II.   The Economic Program for 2000–01

8.  The new Government, which took office on March 1, 2000, is determined to build on the economic progress achieved in the 1990s, and is committed to addressing the difficulties and challenges that remain present in the economy. In Uruguay's consensus-oriented society, the Government is seeking broad-based social and political support for this effort. The Government is also seeking support from the international financial community, including the International Monetary Fund, and therefore it requests from the Fund a 22-month stand-by arrangement.

9.   The Government's first priority is to create the conditions for a sustainable recovery in output growth while preserving price stability. The resumption in output growth is needed to reduce unemployment. The policy measures will focus on strengthening the public sector finances and structural reform. There is a need to increase saving in the economy which, in turn, will stimulate investment while limiting the country's overall indebtedness. Simultaneously, structural reforms are crucial to improve competitiveness of domestic production, within the framework of the adjustable-band exchange rate system, and in the course of efforts at regional economic integration. This will require cost containment, deregulation and increased competition, improved disclosure, and other structural reforms for the private and public sector.

III.   The Macroeconomic Framework

10.   Uruguay is gradually emerging from the recession and the rebound in output growth is expected to gain strength towards the middle of 2000. The Government is confident that with a recovery of economic activity in Argentina and Brazil, the international economic environment has already turned more favorable than that prevailing during 1999. Nevertheless, the region still faces risks, as international interest rates are rising, and Uruguay will confront, for now, continued soft commodity prices and higher energy costs. Accordingly, the Government expects real GDP growth of between 2–2½ percent in 2000, led by a turnaround in the foreign balance and a gradual recovery in private investment and consumption. The rate of inflation is likely to pause in the range of 4–6 percent, about the same as in 1999, before resuming its downward trend in 2001. Employment is expected to begin a recovery, but the unemployment rate initially is expected to drop only moderately as participation rates typically also rebound with a recovery. With improved external conditions and lower overall domestic costs in U.S. dollars, the external current account deficit is projected to narrow to between 2–2½ percent of GDP in 2000.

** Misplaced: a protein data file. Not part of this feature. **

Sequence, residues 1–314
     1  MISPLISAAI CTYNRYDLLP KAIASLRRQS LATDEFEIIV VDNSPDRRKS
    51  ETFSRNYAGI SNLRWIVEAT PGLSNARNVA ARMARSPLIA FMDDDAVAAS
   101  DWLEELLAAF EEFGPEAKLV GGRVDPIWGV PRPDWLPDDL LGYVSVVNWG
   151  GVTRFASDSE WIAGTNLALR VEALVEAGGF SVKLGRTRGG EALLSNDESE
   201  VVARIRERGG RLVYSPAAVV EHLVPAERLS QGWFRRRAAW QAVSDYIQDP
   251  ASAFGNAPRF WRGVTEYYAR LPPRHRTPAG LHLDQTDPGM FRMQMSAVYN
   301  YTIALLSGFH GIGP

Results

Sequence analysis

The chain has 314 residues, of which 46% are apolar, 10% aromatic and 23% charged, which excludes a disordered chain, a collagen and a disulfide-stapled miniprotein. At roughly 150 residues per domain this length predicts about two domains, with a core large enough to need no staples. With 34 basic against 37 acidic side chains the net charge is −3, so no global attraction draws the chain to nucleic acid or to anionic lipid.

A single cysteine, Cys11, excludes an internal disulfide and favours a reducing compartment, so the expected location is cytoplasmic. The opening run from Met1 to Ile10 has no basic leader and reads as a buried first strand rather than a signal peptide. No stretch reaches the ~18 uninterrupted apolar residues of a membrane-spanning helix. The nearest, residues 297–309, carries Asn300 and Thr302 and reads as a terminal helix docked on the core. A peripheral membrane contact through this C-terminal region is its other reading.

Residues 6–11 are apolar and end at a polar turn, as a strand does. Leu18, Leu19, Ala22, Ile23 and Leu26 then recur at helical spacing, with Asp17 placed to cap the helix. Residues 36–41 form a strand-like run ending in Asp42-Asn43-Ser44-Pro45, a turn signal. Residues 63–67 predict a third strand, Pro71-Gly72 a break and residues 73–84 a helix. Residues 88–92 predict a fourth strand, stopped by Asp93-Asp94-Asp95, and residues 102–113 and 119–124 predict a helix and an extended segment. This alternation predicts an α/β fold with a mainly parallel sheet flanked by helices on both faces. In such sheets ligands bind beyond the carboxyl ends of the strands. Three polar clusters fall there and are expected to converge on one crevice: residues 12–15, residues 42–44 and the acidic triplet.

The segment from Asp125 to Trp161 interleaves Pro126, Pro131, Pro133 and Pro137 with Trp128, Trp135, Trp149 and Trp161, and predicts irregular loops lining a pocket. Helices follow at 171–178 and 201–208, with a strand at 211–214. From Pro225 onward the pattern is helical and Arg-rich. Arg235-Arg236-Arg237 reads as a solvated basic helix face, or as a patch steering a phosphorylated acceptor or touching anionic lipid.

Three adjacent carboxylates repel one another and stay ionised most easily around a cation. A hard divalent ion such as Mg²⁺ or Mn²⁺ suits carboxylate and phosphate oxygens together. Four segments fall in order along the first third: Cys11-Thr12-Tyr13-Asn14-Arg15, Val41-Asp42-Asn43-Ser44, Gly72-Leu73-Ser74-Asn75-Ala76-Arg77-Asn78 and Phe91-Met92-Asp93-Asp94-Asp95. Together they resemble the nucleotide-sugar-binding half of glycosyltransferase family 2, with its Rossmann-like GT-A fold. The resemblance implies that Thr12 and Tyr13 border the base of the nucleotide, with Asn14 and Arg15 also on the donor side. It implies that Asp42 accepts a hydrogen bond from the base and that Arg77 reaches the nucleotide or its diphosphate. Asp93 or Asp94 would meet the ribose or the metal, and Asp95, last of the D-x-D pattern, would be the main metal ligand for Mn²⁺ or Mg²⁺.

IV.    Economic Policies

11.   The Government believes that its economic program for 2000–01 is best seen as part of a medium-term effort to restore competitiveness and resume high output growth. In this context, it intends to follow a two-pronged fiscal strategy, combining a consolidation of the public finances to strengthen confidence and lower the national debt ratio, with gradual tax cuts to help reduce costs in the economy and foster competitiveness. Both objectives require expenditure restraint and structural reform. The Government is preparing a five-year budget plan for the course of the new Presidential term. This budget plan will aim at bringing the fiscal deficit down to below 1 percent of GDP over the medium term, and will be presented to Congress prior to end-August 2000. The structural fiscal objectives cannot be reached all at once, but the government will significantly reduce the deficit in 2000–01, and is committed to seeking a turnaround, over the medium-term, in the public sector gross debt-GDP ratio, which has risen sharply recently as it includes the costs of the social security reform (over 1 percent of GDP a year) since 1996.